I am convinced that the quote you provided from Nassif, as Robert indicates, has important insights for Orthodox to consider. However, I’m not sure those things are the same things you are attracted to – i.e. “biblicalism.” There is however MUCH to consider in regards to Orthodoxy’s current ethnic nature. This is a huge subject…which is not an “Orthodox issue” alone. Our American values highlight this as a problem. A recent school project of mine was to look at Churches in my community and what separated them. More than doctrine…what separates them is ethnicity. That might seem natural to some…but in a city like San Francisco…it becomes quite surprising to discover how enduring cultural and ethnic isolation is for all expressions of faith….even in the Protestant world…a fact I never recognized before.

            This is what I take away from Dr. Nassif’s statement here as relevant for Orthodoxy’s future in the U.S. and around the world.

          • Aaron


            I agree. It would immediately ring alarm bells for a Protestant when they hear or read of the Theotokos as the “gate of salvation.”

            And yet…as Dr. Nassif points out…not particularly because there is inherent issues with this language or the liturgy itself, but because a person cannot /will not take the time to understand that she is the not the “gate” as in the “one mediator between God and man” – …but the “gate” through which the incarnation (salvation) of the God-man sprung. The gate of salvation is a reference to the womb.

            I’ve been reading a lot of Margaret Barker recently and her explorations of Temple theology. I was struck by a beautiful early Christian Tradition of Mary’s dedication at the age of 3 to the Temple as a Temple seamstress that is so poetic and sheds light on such Akathist hymns. I quote from her work;

            “The veil of the temple was woven from blue, purple, crimson and white thread and embroidered with cherubim (2 Chron 3:14) Josephus, who was himself a priest (Life 1), says that the tabernacle was a microcosm of the creation…The veil was the boundary between earth and heaven. Josephus and Philo agree that the four colours from which it was woven represented the four elements from which the world was created…In other words, the veil represented matter. In the Epistle to the Hebrews, which explores the theme of Jesus as the high preist, there is the otherwise enigmatic line: his flesh was the veil of the temple (Heb 10:20) In other words, the veil was matter which made visibile whatever passed through it from the world beyond the veil.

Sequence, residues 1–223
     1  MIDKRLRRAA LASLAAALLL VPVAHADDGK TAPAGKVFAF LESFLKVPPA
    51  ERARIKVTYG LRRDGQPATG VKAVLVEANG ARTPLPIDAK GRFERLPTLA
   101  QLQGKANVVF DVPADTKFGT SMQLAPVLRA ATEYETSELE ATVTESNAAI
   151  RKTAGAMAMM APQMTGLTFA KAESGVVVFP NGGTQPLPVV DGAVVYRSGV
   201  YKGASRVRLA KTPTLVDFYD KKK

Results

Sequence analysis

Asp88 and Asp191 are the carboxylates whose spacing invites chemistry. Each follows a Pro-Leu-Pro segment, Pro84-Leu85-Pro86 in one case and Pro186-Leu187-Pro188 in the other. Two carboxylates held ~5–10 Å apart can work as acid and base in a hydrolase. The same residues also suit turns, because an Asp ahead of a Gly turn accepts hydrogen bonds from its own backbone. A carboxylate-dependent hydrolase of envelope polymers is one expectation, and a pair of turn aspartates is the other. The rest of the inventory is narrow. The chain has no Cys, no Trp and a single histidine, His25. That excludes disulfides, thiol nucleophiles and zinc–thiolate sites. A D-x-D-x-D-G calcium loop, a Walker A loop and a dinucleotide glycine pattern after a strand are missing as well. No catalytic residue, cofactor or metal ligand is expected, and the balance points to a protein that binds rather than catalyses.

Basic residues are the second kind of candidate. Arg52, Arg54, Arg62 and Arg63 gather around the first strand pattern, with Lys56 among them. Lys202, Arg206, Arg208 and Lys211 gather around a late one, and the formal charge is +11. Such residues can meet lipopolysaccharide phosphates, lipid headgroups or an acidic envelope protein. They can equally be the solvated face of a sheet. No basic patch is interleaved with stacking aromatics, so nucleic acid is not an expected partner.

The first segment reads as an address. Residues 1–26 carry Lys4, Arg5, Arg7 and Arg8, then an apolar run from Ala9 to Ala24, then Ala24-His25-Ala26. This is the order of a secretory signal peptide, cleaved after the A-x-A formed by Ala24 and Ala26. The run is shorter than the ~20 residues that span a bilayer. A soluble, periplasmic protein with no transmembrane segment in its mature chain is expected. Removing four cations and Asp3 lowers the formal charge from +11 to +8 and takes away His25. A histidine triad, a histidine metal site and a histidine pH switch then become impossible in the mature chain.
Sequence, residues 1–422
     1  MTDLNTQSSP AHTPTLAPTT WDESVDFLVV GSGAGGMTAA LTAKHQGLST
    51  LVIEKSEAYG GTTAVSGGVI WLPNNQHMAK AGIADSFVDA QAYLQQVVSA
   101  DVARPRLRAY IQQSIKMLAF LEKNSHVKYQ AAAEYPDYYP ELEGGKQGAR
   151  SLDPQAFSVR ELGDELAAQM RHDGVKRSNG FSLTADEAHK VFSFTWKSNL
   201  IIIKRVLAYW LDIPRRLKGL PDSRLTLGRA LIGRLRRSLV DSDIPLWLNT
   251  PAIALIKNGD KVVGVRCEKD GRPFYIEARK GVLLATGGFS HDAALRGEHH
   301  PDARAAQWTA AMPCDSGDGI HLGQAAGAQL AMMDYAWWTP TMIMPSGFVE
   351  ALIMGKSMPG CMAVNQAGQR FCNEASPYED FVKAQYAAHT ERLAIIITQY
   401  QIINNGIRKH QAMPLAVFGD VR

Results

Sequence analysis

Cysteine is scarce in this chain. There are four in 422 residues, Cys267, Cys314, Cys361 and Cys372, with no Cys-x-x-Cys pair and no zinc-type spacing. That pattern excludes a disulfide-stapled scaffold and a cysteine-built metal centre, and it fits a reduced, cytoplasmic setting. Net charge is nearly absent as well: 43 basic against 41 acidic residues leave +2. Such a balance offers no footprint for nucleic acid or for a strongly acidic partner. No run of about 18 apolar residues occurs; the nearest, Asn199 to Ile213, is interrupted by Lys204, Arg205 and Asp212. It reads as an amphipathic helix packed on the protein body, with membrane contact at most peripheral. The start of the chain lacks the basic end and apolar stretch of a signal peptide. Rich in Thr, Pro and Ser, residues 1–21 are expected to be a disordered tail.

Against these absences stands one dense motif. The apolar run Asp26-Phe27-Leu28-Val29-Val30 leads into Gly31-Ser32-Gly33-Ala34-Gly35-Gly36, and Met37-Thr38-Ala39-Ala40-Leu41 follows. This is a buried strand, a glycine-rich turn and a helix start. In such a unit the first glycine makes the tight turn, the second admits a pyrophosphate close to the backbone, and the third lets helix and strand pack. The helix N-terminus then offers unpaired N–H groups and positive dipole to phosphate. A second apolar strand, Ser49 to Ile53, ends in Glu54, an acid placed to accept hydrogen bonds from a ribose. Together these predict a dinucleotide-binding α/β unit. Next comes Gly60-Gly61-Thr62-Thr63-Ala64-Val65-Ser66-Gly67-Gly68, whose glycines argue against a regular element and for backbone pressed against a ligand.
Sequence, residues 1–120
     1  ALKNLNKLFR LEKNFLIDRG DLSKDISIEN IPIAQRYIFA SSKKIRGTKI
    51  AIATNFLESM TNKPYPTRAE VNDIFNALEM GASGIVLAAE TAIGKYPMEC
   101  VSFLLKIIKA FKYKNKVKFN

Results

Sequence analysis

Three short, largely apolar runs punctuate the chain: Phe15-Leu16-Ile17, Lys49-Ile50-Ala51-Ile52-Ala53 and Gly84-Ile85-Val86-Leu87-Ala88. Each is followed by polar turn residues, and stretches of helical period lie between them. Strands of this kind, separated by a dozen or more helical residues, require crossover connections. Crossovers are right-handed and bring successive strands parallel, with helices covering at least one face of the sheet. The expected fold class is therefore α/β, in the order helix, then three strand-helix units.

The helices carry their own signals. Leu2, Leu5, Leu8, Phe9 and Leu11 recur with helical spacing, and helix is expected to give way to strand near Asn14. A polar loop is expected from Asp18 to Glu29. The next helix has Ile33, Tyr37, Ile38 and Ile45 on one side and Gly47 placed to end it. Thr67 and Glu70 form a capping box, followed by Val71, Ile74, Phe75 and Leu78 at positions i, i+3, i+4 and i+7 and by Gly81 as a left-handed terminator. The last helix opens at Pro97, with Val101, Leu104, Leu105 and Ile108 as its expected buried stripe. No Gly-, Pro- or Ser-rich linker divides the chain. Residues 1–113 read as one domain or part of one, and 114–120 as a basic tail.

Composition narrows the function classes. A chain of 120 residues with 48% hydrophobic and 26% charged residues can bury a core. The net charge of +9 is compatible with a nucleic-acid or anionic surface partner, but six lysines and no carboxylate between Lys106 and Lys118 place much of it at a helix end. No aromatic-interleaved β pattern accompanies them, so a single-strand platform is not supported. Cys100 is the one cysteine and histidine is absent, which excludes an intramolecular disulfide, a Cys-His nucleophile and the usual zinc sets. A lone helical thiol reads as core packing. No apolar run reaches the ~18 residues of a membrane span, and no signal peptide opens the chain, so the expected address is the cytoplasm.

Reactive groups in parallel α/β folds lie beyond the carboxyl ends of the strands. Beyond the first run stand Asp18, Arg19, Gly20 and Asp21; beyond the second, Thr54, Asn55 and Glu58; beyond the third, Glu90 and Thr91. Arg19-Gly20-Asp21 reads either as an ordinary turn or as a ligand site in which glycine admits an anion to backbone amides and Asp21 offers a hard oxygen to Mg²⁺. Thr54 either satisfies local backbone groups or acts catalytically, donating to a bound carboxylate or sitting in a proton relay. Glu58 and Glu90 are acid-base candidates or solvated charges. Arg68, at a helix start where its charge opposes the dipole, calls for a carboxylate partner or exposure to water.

The high priest was the only person allowed to enter the holy of holies. As he went beyond the veil he entered heaven. When he emerged he was coming down from heaven. His role was to link heaven and earth.

            Outside the holy of holies he wore a coloured vestment woven IN THE SAME WAY AS THE TEMPLE VEIL. Both fabrics represented matter. The high preiest in the temple and outside in its courts represented the presence of the LORD clothed in matter, Incarnation. Just before Jesus was born, Herod ws refurbishing the temple, and a new veil was made. Mary ws one of the temple weavers, and the story is told that shw was making the new veil while she was pregnant. The symbolism was not lost on the early Christians. ”

            Here we see Mary weaving the new veil between the heavens and the earth in the temple…AS she SIMULTAENOUSLY weaves in her womb the veil between God and man through her humanity. That veil is torn at the crucifixion and the veil between heaven and earth is removed – A REVELATION is achieved. Heaven and earth are no longer invisible to one another….they can be…they have been…reconciled and unified.